How does temperature determine sex?

May 24th, 2018

In a recent issue of Science magazine, Clare Holleley (FSP Project Leader) and colleague Arthur Georges (University of Canberra) share exciting new science shedding light on the mechanisms of temperature-dependent sex determination (TSD) in reptiles.

A turtle with a bright red stripe on the side of its head, sitting on a rock

Adding an image of the red-eared slider turtle as it is the reptile discussed in the journal publication.

Scientists have identified a gene as a master switch in temperature dependent sex determination in the red-eared slider turtle. Credit: Greg Hume

Sex determination in reptiles is a complex affair because in many species incubation temperature and genes interact to regulate sexual development and decide sexual fate, male or female. The genetic pathways that determine sex are understood in many organisms, but exactly how temperature can influence sex determination has remained a mystery for over 50 years. This problem has been intractable, despite keen interest in the area, because temperature could exert a sex-determining effect on any of the many autosomal genes involved in sexual differentiation.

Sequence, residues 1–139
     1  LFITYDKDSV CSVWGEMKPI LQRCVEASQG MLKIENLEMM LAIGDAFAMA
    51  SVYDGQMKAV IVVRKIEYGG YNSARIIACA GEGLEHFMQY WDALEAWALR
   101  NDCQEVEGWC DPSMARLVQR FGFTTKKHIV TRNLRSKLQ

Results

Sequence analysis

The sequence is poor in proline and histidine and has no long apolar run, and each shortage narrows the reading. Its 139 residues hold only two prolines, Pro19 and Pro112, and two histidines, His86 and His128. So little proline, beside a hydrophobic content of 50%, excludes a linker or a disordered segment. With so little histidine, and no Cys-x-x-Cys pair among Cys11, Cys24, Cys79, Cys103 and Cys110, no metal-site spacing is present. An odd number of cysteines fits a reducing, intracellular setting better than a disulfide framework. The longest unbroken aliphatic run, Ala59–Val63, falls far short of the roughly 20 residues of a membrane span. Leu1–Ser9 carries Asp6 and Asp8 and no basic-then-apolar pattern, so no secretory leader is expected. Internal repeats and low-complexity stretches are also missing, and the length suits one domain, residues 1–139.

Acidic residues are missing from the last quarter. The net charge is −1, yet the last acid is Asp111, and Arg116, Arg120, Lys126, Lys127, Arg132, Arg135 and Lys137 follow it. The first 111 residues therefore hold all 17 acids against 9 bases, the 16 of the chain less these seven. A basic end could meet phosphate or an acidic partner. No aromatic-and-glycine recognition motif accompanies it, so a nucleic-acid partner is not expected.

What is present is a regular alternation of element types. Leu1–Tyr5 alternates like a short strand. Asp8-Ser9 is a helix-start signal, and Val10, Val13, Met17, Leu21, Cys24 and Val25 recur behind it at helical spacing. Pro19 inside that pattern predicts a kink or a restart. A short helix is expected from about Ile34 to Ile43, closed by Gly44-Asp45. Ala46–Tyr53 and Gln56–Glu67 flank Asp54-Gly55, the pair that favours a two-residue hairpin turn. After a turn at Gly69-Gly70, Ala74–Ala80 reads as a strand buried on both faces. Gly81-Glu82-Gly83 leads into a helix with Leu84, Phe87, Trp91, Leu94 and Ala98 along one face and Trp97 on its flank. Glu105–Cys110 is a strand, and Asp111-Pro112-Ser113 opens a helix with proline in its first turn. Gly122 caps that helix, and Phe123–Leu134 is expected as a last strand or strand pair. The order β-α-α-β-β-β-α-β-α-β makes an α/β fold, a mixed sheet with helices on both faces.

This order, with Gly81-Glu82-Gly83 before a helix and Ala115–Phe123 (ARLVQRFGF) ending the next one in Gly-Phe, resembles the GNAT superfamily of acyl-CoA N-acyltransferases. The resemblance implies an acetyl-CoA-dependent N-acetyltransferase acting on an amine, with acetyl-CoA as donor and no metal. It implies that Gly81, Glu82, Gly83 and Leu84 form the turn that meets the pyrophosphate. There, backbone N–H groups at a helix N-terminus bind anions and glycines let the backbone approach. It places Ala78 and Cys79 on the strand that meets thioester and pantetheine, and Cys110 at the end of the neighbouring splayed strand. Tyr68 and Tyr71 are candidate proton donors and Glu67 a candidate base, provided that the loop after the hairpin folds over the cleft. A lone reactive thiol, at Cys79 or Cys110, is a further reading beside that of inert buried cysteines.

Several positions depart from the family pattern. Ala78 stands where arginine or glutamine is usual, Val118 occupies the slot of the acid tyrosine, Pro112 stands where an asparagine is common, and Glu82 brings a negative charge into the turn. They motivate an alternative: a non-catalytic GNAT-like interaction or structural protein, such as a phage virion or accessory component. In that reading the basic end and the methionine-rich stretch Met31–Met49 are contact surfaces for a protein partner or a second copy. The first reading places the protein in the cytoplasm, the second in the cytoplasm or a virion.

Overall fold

Georges and Holleley summarise the exciting findings of Ge et al. who have reported the first functional evidence implicating the chromatin modifier gene, Kdm6b, as a master switch in temperature dependent sex determination in the red-eared slider turtle (Trachemys scripta elegans). Kdm6b controls the outcome of turtle sex determination because it controls the epigenetic state and thus expression of a “master” sex determining gene, Dmrt1.

This study reveals links between the environment, epigenetic state and sex determination, it also may help us explain why reptiles today display such an astonishing diversity of sex determination systems. Conserved thermosensitive epigenetic processes may have allowed the independent recruitment of novel sex determining genes throughout reptile evolution.

Read Arthur Georges and Clare Holleley’s report here, or Ge et al. publication here.

Graphic prepared by N.Desai/Science.

Image credit: RedEaredSLider05 by Greg Hume under a Creative Commons Attribution 3.0. Full terms available at